The best places we ate in West Bay were Celest's and Bite on the Beach.  Also good service at both places.  We went to the Lighthouse in the West End on another occasion, but was not impressed.    We also ate at the Vintage Pearl, which was pretty good.  They had meat selections not found elsewhere and of course the best wine selection on the island (which is very limited and not that great in quality everywhere else we went.)  Cool Beans the coffee bar on the main road behind Bananarama was pretty good too and there is a market there that has a fairly large variety of goods I didn't see in any other markets in the rest of my time in Honduras.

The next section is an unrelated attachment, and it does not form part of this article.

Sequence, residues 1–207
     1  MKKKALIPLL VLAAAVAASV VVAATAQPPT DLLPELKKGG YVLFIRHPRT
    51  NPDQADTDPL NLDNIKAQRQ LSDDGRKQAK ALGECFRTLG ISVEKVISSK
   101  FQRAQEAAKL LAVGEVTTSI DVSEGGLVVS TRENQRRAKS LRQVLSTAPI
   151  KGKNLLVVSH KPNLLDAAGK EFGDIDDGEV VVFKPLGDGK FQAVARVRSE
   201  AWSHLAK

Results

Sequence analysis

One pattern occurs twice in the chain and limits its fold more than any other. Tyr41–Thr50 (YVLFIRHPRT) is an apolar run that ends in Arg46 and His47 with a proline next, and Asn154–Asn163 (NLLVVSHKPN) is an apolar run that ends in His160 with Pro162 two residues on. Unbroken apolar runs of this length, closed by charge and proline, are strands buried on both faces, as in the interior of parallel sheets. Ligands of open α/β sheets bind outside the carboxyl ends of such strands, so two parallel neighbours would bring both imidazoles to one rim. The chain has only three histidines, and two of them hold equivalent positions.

The last three days on Roatan we spent at Barefoot Cay.  The resort is very small and quiet.  Hardy knew anyone else was there except for dinner time.  Every meal was great and the wine was a small step up from anything we found at other restraunts with the exception of the Vintage Pearl.  The loft rooms are a good size with their own kitchens and the resort has free wireless that seems to work well everywhere.  I am typing this by the pool at the moment.  The views from the lofts are great and it is hardly any inconvenience not to be on the actual key as the small barge that transports you across in 30 seconds is staffed 24 hours a day.  We splurged on a couples massage and the spa staff are very good.  The snorkeling at Barefoot is ok, but can be rough on some days since it sits on the windy side of the island.  Upside to the wind is little if any sand flies compared to west bay. They do have a huge 5 foot barracuda under the palapa and we did see a few varieties of fish including some large jacks and squid, so it was still worth the time.  We went out with one of the dive boats out to the other side of the island for a half day of snorkeling (2 sites for $30 per person).    The barefoot divers crew were very friendly and mostly from places other than Roatan.  The friendly service all around is what makes Barefoot Cay great and I was glad that we ended our trip here as it will leave me with fond memories of Roatan.